If you are finding that your cannabis is failing microbiology testing, you’re not alone. Most labs will tell you that microbiology failures are common in cannabis testing; so, even if you’re not experiencing this issue right now, there’s a good chance you might in the future.
Your best solution is to implement an Environmental Monitoring program. Environmental Monitoring of a cannabis facility is the control, recorded observations and adjustments of the physical space; or to put it more simply, it’s exactly its namesake – the monitoring of your cannabis’ environment including the air, water, surfaces, and equipment.
Environmental Monitoring, or EM, is standard procedure in many industries such as pharmaceutical, food, biotechnology, agriculture, so why isn’t it for the cannabis industry?
Simply put, the unregulated cannabis industry was never previously required to test product, and the current, regulated industry already has an abundance of required tests which are often considered a burden. Tests that are helpful but not required by Health Canada are often viewed as outside the allocated operational budget.
The best way to approach an EM program isn’t as extra, unnecessary testing, but as an insurance policy. With an EM program you are setting up your crop for success by monitoring and fixing early problems that would affect your outcome. When you monitor the environment before the plants are introduced, you will know if your product will be growing in a clean, sanitized environment. The continual watchful eye on the environment will ensure that your bacteria counts don’t fail at the finish line of testing.
So, what does this new insurance plan look like and what’s the cost?
Begin by testing your water sources; this can be done by any environmental lab. Ensure they are testing for bacteria counts, and if you are inexperienced with the science of testing, ask questions about your results. A lab focused on customer service will discuss your data with you; the good, bad and ugly all have implications.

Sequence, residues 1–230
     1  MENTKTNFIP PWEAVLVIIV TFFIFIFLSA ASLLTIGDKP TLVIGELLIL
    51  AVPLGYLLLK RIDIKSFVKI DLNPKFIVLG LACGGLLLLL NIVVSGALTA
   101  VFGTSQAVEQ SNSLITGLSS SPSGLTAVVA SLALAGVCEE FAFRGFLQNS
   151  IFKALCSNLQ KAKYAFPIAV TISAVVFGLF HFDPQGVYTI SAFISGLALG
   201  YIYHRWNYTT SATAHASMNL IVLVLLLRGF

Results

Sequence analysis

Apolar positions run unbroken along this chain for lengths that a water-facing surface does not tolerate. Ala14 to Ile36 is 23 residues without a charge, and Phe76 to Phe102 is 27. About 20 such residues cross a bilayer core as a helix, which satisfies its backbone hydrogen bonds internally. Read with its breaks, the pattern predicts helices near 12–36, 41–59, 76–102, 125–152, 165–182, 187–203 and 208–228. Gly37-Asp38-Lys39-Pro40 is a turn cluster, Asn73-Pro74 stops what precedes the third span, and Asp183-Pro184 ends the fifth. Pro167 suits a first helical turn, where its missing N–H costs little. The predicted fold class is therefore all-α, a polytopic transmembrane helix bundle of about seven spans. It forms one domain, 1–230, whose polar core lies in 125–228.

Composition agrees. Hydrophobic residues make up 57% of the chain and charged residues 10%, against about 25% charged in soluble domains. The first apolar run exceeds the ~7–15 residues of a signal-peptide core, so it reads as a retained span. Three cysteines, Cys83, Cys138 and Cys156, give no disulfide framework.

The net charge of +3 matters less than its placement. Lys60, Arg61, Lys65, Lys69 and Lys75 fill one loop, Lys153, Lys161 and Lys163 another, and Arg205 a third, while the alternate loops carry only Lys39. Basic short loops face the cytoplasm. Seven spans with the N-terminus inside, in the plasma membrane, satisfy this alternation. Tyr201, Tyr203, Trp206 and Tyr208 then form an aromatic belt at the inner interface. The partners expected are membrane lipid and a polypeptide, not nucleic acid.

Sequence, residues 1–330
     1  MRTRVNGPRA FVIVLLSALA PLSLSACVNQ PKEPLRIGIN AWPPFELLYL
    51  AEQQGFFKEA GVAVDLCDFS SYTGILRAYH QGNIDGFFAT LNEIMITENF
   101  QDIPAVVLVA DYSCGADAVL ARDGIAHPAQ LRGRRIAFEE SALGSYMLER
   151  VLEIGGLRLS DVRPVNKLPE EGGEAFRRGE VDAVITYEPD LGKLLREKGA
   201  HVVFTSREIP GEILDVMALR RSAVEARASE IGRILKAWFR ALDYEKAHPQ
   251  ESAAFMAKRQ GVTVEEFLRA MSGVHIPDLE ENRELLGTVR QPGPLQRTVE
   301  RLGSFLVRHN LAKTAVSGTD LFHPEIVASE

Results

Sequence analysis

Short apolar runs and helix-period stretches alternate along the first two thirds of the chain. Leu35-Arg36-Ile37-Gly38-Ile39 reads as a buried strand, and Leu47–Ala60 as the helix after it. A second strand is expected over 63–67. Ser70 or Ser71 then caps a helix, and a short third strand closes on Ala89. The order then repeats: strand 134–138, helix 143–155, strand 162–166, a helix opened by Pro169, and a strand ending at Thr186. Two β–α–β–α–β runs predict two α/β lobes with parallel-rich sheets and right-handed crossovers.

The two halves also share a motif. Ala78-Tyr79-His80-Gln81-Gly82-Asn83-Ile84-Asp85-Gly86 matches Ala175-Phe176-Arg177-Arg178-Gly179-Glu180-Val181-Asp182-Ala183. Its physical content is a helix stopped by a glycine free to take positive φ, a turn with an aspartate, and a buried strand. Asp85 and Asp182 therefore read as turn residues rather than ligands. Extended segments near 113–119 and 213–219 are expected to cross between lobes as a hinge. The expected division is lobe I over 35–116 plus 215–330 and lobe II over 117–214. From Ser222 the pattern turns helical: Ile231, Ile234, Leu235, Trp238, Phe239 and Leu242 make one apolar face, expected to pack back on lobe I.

Your next area of concern is air testing. The air that surrounds us is full of microorganisms and to capture what’s in the air you can perform active or passive air testing. The former requires an air sampler which can be costly and is a better investment for large facilities. The latter can easily be tested by allowing the particles in the air to settle on the plates. The smaller the space, the better. Environmental monitoring usually requires a map of your facility and the square footage of each room to calculate the number of plates required. Surface/contact plates or swabs are used against surfaces that may be at risk of contamination due to high traffic, or near HVAC inlets. These plates are sent to the lab for incubation which will promote microbial growth. Final reports are prepared and sent to the client.
Each time you receive a result, enter the data into a spreadsheet and create a trending graph. This will allow for evidence-based decision making for example do you have an HVAC problem, do you need to improve the sanitation procedures, replace the sanitation products, are your staff following hygiene procedures (all unkempt hair, including facial hair, is full of bacteria) and is the temperature of your room too high or humid?
While it does require an initial investment, the cost of environmental monitoring will decrease as hotspots and processes are fixed. The quality of your final product will improve, and you can look forward to increased revenue and lowered remediation costs.